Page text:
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Clinical Hub,Patient Education,Health and Nutrition Facts For You,Diagnostic Tests, Procedures, Equipment

Autologous Blood Donation - Making an Informed Choice (5057)

Autologous Blood Donation - Making an Informed Choice (5057) - Clinical Hub, Patient Education, Health and Nutrition Facts For You, Diagnostic Tests, Procedures, Equipment

5057








Autologous Blood Donation
Making an Informed Choice

What is Autologous Blood Donation?

Autologous blood means you donate your
own blood for later use. If your doctor says
you may need a blood transfusion, this may
be one option.

What are the Benefits?

Your own blood is the safest blood you can
get. When you receive your own blood:

ξ There is no risk of an allergic reaction to
your own blood.
ξ Rare blood types can be very hard to
match.
ξ There is no risk of getting diseases
carried by blood like hepatitis and AIDS.

What Influences Whether or Not You
Can Donate Your Own Blood?

Your Physical Health

Your doctor will talk with you about
whether you qualify to give your own blood.
You may not have to meet all of the usual
requirements as other blood donors. Yet,
some health conditions can disqualify you
from giving your own blood. These include:
anemia, some infections, severe heart
disease, stroke and some seizure disorders.


Your Operation

Your doctor may suggest that you donate
your own blood ahead of time if it is likely
that you will need blood during or after
surgery. Yet, giving your own blood is not
for all patients having surgery. Your doctor
or nurse will talk with you about your
operation. If you do not use the blood you
donate, it is discarded. It cannot be used for
another person.

Is There An Added Expense to Donate
My Own Blood?

There may be extra charges when you
donate your own blood for later use. You
will be billed for these charges even if your
blood is not used. These charges may not be
covered by your insurance. To find out,
check with your insurance company.


How Many Units of Blood May Be Given?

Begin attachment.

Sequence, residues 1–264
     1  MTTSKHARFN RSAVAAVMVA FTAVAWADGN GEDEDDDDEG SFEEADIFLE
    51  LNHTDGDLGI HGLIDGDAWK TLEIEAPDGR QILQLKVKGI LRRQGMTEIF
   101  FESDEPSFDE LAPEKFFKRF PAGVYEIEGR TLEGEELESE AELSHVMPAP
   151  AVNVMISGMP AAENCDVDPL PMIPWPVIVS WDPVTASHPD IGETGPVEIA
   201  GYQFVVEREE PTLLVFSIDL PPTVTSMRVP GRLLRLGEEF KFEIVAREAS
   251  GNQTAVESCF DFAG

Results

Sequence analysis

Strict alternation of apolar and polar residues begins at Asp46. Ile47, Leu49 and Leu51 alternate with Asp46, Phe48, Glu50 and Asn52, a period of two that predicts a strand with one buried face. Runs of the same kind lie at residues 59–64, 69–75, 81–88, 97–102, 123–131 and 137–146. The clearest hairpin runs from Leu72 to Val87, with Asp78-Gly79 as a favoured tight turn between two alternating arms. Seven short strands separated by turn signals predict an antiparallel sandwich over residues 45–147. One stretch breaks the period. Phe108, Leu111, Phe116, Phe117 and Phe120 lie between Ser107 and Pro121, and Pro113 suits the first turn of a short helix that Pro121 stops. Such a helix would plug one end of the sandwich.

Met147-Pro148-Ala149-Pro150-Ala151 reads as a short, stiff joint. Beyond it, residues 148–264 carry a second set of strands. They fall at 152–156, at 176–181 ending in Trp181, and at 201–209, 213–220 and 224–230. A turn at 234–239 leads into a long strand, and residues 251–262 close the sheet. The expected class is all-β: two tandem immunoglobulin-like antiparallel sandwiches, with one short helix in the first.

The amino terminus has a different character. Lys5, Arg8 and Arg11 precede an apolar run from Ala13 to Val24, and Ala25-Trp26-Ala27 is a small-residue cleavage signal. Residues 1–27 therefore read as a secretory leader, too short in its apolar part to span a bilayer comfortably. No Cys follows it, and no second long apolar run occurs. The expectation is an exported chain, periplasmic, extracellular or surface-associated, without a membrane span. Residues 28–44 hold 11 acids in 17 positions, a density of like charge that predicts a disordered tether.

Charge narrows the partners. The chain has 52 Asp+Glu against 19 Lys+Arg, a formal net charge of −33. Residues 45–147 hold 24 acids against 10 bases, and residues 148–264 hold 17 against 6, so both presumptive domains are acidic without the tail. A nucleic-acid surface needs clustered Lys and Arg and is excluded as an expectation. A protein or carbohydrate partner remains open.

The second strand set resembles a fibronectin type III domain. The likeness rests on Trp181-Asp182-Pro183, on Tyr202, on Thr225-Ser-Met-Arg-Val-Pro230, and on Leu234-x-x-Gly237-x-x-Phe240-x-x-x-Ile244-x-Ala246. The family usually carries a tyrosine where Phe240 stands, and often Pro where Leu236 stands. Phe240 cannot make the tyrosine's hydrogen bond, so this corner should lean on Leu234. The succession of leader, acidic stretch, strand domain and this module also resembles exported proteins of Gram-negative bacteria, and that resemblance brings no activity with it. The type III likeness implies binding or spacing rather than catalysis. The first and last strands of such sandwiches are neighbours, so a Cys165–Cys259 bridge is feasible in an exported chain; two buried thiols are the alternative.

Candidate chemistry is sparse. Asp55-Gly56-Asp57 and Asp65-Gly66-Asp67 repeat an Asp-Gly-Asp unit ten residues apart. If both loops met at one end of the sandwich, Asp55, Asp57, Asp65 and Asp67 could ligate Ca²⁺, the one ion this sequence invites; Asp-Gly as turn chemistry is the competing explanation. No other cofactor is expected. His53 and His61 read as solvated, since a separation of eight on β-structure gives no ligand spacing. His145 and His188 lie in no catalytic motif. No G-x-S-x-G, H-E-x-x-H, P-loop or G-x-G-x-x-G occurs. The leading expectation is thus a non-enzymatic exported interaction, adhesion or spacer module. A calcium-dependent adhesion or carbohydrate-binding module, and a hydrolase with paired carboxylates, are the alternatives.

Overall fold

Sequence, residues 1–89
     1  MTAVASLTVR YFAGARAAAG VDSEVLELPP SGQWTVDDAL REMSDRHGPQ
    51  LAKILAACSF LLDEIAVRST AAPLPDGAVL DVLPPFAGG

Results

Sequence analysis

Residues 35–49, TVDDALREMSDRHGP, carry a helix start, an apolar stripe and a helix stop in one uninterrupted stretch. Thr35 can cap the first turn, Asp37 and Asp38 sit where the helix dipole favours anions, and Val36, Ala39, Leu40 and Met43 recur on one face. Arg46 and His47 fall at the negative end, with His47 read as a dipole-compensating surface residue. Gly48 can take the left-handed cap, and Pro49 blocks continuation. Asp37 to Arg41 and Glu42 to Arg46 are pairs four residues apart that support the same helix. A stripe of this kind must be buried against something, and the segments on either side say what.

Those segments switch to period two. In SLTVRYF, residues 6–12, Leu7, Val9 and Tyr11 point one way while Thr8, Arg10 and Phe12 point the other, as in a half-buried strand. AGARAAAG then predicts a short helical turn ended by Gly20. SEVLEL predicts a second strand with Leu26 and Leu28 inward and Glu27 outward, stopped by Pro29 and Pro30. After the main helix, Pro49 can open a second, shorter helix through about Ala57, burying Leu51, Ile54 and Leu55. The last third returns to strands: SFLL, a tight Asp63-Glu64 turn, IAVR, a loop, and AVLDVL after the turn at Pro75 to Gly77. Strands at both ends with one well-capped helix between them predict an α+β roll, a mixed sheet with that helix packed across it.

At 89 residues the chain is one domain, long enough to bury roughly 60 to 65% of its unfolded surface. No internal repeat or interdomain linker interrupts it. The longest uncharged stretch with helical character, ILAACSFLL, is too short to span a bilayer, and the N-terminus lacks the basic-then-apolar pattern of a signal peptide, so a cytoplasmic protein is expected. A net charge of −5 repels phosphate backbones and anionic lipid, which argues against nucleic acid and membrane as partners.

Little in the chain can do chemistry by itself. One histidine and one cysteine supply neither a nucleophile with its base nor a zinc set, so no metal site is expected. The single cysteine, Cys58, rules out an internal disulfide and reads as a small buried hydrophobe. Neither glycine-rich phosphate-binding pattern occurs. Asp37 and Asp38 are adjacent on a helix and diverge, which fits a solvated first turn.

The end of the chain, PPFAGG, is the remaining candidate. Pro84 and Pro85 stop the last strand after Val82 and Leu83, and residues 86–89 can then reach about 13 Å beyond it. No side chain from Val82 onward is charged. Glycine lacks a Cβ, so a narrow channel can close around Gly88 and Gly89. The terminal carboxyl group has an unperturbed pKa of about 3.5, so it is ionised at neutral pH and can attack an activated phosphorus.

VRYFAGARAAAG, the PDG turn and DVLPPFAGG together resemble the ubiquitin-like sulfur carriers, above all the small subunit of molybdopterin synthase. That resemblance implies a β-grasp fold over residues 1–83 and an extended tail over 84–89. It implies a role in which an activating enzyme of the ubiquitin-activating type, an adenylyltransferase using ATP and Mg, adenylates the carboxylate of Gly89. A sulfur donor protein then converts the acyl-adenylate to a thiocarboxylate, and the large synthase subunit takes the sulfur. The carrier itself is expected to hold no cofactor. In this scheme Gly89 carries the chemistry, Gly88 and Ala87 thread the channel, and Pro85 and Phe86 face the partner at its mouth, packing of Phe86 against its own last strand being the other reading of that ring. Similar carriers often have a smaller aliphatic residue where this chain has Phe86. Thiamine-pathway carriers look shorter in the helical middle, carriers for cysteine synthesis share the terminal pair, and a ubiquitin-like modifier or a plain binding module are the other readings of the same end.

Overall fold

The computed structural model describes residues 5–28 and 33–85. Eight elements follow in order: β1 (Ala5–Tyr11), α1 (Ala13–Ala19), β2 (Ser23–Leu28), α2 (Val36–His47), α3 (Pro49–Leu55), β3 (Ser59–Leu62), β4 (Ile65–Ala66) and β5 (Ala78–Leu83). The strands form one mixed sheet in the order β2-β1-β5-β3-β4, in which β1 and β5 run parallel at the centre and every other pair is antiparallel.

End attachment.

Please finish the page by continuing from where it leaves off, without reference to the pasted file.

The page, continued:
Your doctor will tell you how many units are
often needed for your type of surgery. Four
or more units can be given if your doctor
feels it is needed. The blood units are
collected one at a time week by week. You
can start giving blood about six weeks
before surgery. Your blood can be safely
stored for up to 42 days.




How Close to Surgery Can I Donate?

It is best to give blood at least one week
before your surgery.

Where Do I Go to Donate Blood?

If you live in the Madison area, most likely
you will donate at the American Red Cross
Blood Center in Madison. If you live
outside of Madison, call the American Red
Cross at 1-800-733-2767 and ask them for
the nearest collection facility where you can
donate your blood.

How Long Does It Take to Donate Blood?

Giving blood takes about an hour for each
unit. This includes asking you questions
about your health, taking your blood
pressure and collecting the blood. You will
be asked to relax for at least 15 minutes
before leaving. Often, you will be given a

If I’m Interested, What Do I Do Next?

First, talk with your doctor about this option.
Also, check your insurance since giving your
own blood may have added costs that may or
may not be covered. If this is an option for
you, the doctor will fill out forms to begin
the process. A written order from your
doctor is needed. Your doctor, or one of the
clinic staff, must also discuss this plan with
the blood center where you plan to donate.
You will then need to call the site where you
would like to give blood and schedule your
first visit.






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Your health care team may have given you this information as part of your care. If so, please use it and call if you
have any questions. If this information was not given to you as part of your care, please check with your doctor. This
is not medical advice. This is not to be used for diagnosis or treatment of any medical condition. Because each
person’s health needs are different, you should talk with your doctor or others on your health care team when using
this information. If you have an emergency, please call 911. Copyright © 7/2016. University of Wisconsin Hospitals
and Clinics Authority. All rights reserved. Produced by the Department of Nursing. HF#5057.